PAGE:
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Ben Klock – Compression Session review

Long associated with the harder side of techno –  on the evidence of his recent mix and pretty much any of his longer club sets, unfairly so – this release sees Berghain Ben Klock attempt to show a more musical flavour. Maybe his dealings with DVS1 through Klockworks have brought him to this place, or perhaps he’s just sick of being portrayed as a merciless, panel-beating merchant. Irrespective of the speculation about the reason for this sideways shift, the first version of the wonderfully named “Compression Session” sees airy, spacey Detroit chords copper-fastened to a typically dense Klock drum pattern, with both seemingly disparate elements acting in unison to create a climax that’s as epic as Berghain’s Gotham City architecture.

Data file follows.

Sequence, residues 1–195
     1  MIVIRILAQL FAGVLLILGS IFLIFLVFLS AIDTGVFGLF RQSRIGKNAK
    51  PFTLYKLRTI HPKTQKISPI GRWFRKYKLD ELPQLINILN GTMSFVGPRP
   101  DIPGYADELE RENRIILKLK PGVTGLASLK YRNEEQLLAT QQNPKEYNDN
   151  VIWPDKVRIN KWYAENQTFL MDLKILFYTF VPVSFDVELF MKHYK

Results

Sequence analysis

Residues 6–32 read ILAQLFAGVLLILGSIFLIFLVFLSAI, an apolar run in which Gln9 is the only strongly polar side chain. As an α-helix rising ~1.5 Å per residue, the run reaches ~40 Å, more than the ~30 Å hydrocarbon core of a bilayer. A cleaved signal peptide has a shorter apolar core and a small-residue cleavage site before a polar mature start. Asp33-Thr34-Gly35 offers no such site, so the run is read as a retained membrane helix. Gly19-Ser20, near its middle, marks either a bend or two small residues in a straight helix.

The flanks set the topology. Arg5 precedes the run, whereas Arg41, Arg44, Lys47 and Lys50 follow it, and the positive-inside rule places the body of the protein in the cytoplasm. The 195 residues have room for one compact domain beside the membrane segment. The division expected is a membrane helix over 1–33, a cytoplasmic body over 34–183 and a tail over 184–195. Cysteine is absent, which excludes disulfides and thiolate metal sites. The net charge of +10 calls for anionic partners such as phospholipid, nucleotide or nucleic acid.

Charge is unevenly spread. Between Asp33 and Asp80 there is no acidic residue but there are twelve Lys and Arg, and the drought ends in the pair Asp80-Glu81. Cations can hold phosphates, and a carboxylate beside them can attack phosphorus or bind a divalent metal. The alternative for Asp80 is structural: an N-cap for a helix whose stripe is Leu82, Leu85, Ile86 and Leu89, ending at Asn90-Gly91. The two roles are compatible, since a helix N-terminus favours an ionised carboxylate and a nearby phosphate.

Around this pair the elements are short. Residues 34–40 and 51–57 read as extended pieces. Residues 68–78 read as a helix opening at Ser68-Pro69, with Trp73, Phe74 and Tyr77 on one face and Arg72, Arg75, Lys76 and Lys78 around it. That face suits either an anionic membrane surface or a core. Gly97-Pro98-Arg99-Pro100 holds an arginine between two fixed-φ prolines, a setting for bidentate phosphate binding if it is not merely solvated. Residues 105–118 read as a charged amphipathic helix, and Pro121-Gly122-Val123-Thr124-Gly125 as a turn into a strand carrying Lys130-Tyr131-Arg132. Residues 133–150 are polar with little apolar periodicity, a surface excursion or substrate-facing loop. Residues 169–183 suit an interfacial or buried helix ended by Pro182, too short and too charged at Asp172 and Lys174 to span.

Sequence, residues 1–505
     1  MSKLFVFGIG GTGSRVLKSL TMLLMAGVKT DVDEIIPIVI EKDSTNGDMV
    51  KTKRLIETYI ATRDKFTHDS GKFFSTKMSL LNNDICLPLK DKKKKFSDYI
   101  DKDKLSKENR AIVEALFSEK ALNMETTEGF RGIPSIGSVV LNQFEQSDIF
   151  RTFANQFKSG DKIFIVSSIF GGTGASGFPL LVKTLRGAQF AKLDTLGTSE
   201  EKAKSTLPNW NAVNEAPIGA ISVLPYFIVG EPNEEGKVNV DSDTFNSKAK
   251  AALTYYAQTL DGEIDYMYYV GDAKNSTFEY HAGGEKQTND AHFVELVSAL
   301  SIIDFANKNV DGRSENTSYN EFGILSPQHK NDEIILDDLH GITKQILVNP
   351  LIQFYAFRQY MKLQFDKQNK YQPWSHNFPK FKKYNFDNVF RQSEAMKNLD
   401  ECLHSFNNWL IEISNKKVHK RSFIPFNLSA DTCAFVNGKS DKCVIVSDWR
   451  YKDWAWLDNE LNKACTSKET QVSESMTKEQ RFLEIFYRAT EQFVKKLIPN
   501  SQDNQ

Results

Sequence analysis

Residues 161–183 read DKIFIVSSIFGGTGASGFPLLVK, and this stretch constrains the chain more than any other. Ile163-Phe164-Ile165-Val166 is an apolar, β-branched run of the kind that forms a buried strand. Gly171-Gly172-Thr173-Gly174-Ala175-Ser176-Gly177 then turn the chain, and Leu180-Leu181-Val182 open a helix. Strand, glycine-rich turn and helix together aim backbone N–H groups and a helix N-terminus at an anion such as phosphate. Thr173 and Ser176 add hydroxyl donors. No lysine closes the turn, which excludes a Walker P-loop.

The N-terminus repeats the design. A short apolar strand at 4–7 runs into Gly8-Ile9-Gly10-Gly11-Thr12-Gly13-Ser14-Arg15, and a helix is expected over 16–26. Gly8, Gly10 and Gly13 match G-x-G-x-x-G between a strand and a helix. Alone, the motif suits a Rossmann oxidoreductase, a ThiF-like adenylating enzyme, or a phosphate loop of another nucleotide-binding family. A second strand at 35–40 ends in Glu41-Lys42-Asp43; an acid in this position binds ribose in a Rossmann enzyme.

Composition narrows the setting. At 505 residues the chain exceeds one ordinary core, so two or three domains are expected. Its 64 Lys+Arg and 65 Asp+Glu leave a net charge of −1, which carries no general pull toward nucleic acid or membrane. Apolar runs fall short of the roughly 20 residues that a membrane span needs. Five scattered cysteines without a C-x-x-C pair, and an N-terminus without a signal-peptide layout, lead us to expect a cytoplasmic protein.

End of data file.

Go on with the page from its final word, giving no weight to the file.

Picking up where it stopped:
A similar approach applies on the second version: it features the same snappy drums and crackling percussion underpinning Klock’s previously undocumented lush leanings, but despite this, it would be wrong to assume that it’s merely a continuation of the first version.  Tellingly, there are also dark, droning tones and hints of the ruthlessly utilitarian approach of his colleague, Marcel Dettmann –  and these nuances are also audible on the third and final track, “Static Test”. Although there is a building chord sequence, it sounds like a distraction to the main event – a rolling, functional techno rhythm, powered by whiplash percussion and an underlying hint of menace.

Richard Brophy